Medical Lake takes school security ‘very seriously here’
Recent gun incidents in schools have prompted school districts across the country to review their security and safety policies. Medical Lake is joining others in the area and ensuring its practices provide the safest learning atmosphere for its students.
Middle school assistant principal Scott Blasingame said safety committees have been in place at both the district level and in each building for a number of years. Those committees meet several times each year, reviewing and updating practices along the way.
“We take safety very seriously here,” Blasingame said.
Among the items discussed earlier this month include a revamping of security practices at each school. Areas like better monitoring of visitor access and surveillance were among the top items discussed. Most buildings in the district have surveillance measures.
Also occasionally attending those meetings are representatives from the Spokane County Sheriff’s Office, with whom the city of Medical Lake contracts for police service.
Blasingame said officers have been provided with new floor plans for the middle school and Hallett Elementary. Both schools are benefitting from additions that were completed last year.
Should an emergency situation requiring police presence arise, officers now have blueprints that are up to date.
“They’ll be here within minutes,” Blasingame said. “We work very closely with them.”
He said the district has even run through some drills with deputies on-site, performing a lockdown drill. Some of the information garnered from those drills have provided great results for each school, showing strengths and areas of improvement, if there are any, along the way.
“They often provide feedback on something you may not have noticed,” Blasingame said.
Fairchild Air Force Base security teams help with drills at Michael Anderson Elementary, which resides on the base’s property.
Drills are an essential part of engraining emergency procedures, and take place at regular intervals throughout the year. Among those drills practiced in the district include fire, bomb, intruder and shooter threats.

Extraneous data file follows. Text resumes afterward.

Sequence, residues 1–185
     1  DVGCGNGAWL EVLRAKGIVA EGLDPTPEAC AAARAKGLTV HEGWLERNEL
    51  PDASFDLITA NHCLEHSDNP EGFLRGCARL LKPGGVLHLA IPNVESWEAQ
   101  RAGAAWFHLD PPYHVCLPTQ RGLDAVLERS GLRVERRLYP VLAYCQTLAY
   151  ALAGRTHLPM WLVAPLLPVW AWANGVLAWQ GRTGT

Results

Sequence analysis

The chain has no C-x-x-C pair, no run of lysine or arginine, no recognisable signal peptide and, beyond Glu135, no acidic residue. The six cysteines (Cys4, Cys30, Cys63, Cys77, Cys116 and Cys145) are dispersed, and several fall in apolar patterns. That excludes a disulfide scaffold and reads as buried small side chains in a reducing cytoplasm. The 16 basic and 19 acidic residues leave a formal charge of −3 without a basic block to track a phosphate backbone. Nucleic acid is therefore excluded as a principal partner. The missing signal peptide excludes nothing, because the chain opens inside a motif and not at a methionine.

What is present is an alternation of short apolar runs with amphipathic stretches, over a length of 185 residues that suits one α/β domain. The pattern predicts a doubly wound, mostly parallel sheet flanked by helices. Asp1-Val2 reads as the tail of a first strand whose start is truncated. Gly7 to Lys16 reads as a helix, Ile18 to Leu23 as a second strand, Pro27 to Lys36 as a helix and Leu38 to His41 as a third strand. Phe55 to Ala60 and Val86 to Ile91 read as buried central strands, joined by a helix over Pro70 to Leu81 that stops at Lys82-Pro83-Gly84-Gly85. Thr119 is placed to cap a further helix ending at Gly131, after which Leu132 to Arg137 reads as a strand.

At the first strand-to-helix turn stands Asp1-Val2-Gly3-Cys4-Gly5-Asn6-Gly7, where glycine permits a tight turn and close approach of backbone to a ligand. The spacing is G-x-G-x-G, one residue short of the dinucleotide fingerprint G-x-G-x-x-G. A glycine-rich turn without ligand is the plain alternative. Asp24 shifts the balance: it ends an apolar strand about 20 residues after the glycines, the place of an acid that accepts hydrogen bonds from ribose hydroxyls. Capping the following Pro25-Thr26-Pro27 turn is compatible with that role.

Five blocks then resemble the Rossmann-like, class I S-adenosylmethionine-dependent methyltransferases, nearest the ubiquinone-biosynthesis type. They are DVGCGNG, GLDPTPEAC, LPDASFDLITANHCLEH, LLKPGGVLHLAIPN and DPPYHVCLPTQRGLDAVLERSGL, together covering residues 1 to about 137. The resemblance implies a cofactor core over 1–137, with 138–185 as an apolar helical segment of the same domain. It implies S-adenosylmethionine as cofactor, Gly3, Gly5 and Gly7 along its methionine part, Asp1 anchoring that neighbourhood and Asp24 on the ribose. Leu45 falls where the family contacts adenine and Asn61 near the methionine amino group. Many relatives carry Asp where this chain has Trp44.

“Any time the buildings run drills, we also run a review, where we get input from staff,” Blasingame said.
He said teachers receive new emergency plans each fall, with plans changing each year.
School officials also meet with parents once a year at the district level, in an effort to provide transparency to the community.
In the near future, a plan is in place to work with students on security. Among the items likely to be brought up are making sure students know who to speak to, should they encounter a suspicious situation, such as someone asking for entrance to the building from a side door.
“What do you do if you see a person without a badge,” he said.
The student handbook for both the middle school and high school detail information for students in the district. Handbook text can be found on the district’s website at http://www.mlsd.org/Page/149 for the middle school and http://www.mlsd.org/Page/1479 for the middle school. A summary of Medical Lake School District’s emergency preparedness is also posted on the district website. Blasingame is also available to answer questions members of the public may have, and can be reached at 565-3003.
Incidents like the Newtown, Conn. massacre, Blasingame said, can stir up emotions in any community.
“It raises everybody’s sense of concern with that incident,” he said. “You have to have an open mind.”
Above all, providing timely and accurate information to parents is an important step in the process. It ensures everyone is on the same page and helps to provide an openness with the community. The district sends out reports via email, phone and regular mail when and if an emergency situation arises.
“Whenever we have a situation that’s not a drill, we communicate with parents, telling them that we had to follow through with the emergency situation,” Blasingame said.
James Eik can be reached at firstname.lastname@example.org.